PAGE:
Every day, people suffer and die from starvation. Every day, children develop asthma from the contamination of coal-fired power plants. Every day, women are subject to unspeakable violence. It has been nearly seventy years since a nuclear weapon was used to wage warfare on a population. Why, in the face of all these other daily horrors, should we care about the consequences of an unlikely nuclear event? Nuclear weapons are one of the few things that could cause destruction on a global scale. Joe Cirincione, President of Ploughshares Fund, points out that “of all the problems and challenges we face in our personal lives, our community, our nation, there are only two that threaten destruction on a planetary level: global warming and nuclear weapons. Both of these are caused by machines that we invented. Both of these threaten to destroy everything else we’ve invented, including civilization itself. But both of these are preventable, even reversible.”
A nuclear attack or accident would happen very quickly, most likely resulting in complete devastation to a major population center. The fallout could last for thousands of years. We talk about “weapons of mass destruction.” A more descriptive term would be “weapons of mass atrocity.” Nuclear weapons inflict a triple-header: the heat; the blast; the grim effects of radiation.
Descriptions of the Hiroshima and Nagasaki bombings are universally gruesome, both in the immediate aftermath and in the lingering deaths that occurred for years afterwards due to radiation exposure. If you are haunted by the horrific relics of the atomic bombs dropped in 1945, the casualties of nuclear testing on populations in the Marshall Islands, Nevada or Kazakhstan, or the fallout from Fukushima or Chernobyl, consider this: today’s weapons are twenty times more powerful than those used at Hiroshima and Nagasaki. The devastation that they would cause would be unlike any the world has ever seen before.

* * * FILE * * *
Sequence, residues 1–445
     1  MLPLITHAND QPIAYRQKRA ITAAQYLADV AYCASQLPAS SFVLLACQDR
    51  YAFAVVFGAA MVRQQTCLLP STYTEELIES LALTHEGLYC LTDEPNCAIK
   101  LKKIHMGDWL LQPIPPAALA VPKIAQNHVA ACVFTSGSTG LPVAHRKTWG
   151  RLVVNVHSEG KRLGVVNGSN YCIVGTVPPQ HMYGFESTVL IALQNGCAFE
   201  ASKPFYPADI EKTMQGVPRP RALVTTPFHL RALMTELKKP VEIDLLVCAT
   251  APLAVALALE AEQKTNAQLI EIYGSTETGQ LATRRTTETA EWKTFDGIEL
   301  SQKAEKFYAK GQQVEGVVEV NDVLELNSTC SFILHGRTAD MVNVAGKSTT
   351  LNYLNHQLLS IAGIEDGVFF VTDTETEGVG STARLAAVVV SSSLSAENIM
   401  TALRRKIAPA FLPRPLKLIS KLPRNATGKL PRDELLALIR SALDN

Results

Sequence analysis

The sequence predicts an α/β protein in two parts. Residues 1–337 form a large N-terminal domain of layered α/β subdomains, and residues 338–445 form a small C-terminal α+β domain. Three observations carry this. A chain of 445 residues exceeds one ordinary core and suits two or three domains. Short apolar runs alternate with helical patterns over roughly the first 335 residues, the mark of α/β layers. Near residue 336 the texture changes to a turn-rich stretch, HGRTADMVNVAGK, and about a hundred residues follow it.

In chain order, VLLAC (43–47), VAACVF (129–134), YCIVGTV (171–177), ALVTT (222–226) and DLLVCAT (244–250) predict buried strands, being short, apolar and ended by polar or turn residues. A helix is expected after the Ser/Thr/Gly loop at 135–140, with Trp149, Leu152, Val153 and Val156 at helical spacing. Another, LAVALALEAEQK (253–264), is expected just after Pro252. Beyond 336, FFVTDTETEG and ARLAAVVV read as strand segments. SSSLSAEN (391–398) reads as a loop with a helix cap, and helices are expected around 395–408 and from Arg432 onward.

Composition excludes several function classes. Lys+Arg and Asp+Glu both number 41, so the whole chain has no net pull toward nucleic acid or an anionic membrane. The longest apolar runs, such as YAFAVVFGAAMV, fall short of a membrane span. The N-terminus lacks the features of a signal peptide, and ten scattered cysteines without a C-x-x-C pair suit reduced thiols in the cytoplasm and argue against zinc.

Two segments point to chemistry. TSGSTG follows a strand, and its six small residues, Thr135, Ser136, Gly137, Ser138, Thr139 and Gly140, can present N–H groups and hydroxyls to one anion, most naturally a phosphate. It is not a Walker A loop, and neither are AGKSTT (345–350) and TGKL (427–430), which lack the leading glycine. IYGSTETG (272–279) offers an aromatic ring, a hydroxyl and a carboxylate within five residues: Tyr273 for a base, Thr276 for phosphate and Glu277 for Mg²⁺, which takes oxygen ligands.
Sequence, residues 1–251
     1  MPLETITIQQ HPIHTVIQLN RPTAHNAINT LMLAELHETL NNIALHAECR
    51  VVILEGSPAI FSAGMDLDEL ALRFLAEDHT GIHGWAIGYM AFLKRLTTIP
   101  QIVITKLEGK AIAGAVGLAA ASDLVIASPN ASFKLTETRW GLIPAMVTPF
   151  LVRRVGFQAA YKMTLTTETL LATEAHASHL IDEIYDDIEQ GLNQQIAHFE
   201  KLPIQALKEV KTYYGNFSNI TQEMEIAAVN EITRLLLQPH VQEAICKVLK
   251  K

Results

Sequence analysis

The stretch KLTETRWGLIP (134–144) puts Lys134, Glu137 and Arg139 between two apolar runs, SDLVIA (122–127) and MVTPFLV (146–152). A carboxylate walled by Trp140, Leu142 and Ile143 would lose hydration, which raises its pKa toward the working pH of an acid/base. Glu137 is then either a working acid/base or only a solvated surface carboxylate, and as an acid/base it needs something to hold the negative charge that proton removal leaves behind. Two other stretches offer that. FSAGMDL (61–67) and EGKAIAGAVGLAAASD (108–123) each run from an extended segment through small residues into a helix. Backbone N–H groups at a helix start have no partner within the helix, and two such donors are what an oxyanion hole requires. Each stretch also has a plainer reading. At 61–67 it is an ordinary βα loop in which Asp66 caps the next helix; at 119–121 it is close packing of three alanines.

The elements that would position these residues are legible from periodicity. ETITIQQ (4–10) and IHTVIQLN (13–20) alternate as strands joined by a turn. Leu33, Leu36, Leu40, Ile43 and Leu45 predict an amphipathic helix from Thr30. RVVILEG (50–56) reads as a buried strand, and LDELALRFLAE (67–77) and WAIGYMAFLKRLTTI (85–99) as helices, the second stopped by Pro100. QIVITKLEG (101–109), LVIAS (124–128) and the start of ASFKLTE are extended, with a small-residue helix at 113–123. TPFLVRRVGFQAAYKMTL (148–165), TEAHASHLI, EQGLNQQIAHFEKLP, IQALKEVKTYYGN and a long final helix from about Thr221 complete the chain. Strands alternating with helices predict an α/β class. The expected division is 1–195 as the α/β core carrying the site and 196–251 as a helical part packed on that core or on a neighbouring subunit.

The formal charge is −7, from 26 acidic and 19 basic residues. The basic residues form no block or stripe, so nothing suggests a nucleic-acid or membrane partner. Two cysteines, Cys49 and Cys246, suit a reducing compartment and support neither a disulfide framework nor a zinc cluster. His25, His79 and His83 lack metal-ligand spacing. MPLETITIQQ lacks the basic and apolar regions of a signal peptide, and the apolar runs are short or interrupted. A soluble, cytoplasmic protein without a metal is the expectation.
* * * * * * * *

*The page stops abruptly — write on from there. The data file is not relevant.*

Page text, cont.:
So why are we still stockpiling these weapons?
Experts now believe that nuclear deterrence has become more of a liability than a benefit. In 2007, senior statesmen George P. Shultz, Henry Kissinger, Sam Nunn and William Perry made a case in the Wall Street Journal that:
Nuclear weapons were essential to maintaining international security during the Cold War because they were a means of deterrence. The end of the Cold War made the doctrine of mutual Soviet-American deterrence obsolete. Deterrence continues to be a relevant consideration for many states with regard to threats from other states. But reliance on nuclear weapons for this purpose is becoming increasingly hazardous and decreasingly effective.
In a time when we’re moving toward ever more targeted interventions and fewer civilian casualties, it’s worth asking how many nuclear weapons we even need? The generally accepted number of nuclear weapons that would destroy life as we know it on Earth is about three hundred.
The United States has roughly seven thousand.
Altogether, there are still 17,000 weapons in the world, the majority of which are in the U.S. and Russia. And yet, the Cold War is over. Arsenals are (fortunately) declining. But the threat of nuclear catastrophe has arguably expanded under the auspices of terrorism, failed states, regional antagonism, and potential for accident due to neglect or human error. Nothing else, however terrible, could cause as much damage as even one nuclear weapon on one city.
So what can we do?